Two birds in the bush is worth…up to three eaglets!
It’s breeding season for many birds right now, and that means chances are good that if you can set your eyes on an eagle nest, you’ll see an eagle. Eagle mating pairs take turns lying on their eggs for the incubation period, which lasts approximately 35 days. In this photo, taken by Preserve Manager Brian Johnson, a male bald eagle, the closer of the two, has arrived in the nest to take over the egg-watching. In the minutes after the photo was taken, Brian observed the two adults switch places. The nest is easily six feet in diameter.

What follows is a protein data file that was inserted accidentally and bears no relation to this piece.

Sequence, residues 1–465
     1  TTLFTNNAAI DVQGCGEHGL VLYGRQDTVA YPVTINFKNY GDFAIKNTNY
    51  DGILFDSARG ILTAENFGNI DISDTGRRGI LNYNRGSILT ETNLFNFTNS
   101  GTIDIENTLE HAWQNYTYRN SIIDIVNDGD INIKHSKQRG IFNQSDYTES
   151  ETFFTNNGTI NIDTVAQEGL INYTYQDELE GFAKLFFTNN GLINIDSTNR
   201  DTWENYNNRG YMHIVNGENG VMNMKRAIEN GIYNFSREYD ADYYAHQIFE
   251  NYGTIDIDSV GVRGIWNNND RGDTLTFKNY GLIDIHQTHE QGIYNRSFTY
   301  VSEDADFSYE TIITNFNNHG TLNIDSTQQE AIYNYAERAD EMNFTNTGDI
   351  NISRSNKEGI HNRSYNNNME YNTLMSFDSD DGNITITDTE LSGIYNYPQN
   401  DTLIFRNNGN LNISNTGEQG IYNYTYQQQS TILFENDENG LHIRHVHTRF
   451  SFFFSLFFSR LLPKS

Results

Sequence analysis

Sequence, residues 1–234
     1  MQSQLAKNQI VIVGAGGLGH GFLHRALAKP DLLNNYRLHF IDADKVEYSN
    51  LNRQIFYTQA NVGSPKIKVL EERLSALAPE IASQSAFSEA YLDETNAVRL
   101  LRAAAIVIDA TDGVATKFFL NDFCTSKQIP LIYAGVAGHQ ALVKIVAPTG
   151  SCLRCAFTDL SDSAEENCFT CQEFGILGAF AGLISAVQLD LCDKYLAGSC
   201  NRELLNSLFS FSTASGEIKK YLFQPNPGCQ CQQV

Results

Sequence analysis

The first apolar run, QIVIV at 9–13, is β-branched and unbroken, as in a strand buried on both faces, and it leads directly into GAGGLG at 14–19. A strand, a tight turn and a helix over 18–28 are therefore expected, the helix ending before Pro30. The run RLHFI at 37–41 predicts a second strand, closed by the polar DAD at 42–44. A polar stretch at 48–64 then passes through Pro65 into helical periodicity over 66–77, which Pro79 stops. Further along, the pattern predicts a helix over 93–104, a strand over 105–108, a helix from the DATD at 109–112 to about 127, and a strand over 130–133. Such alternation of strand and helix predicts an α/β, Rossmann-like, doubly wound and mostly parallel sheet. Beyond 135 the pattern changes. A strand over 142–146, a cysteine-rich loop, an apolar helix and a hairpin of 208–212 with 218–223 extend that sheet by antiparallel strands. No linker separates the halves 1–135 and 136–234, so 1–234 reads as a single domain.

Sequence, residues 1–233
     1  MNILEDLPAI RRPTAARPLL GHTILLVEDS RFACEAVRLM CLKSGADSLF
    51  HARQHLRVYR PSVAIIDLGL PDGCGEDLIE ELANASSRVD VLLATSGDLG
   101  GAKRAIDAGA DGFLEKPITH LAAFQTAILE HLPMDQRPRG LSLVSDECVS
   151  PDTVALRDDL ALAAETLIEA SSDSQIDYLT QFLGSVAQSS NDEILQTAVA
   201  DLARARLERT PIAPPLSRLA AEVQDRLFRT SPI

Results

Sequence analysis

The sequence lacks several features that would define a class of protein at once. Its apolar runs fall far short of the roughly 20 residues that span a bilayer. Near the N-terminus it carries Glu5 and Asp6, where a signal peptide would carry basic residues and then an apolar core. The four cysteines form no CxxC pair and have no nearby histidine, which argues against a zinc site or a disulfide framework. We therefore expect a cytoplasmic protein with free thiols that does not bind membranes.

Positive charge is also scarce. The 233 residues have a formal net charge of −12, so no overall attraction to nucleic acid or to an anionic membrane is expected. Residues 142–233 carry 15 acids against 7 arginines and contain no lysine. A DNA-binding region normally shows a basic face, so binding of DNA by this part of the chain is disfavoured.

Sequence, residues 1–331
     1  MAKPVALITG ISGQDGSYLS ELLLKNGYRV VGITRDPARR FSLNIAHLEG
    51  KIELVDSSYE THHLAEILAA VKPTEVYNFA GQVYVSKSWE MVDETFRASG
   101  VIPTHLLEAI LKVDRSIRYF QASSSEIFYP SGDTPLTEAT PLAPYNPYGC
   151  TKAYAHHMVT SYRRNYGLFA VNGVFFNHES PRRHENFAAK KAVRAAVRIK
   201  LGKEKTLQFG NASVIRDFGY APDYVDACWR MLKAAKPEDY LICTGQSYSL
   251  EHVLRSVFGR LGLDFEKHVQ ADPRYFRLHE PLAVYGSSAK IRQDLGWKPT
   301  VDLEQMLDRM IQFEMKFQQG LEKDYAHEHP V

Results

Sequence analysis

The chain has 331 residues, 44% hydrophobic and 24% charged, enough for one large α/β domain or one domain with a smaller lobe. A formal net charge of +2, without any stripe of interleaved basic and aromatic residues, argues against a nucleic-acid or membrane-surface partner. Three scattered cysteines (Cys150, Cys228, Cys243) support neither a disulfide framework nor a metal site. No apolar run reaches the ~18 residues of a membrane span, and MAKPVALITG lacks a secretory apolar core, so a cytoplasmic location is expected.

There a few active eagle nests on or near our New Jersey preserves, but you’ll need the help of binoculars or a spotting scope to see them. One nest can be viewed from Beaver Dam Boat Rental, looking south across Old Beaver Dam Road. Brian estimated that nest to be 10 feet tall. Another nest can be viewed (with a scope) from the impoundments on Maple Avenue, looking east, in the last living pine tree. The nest is obvious due to its size, once you find the tree.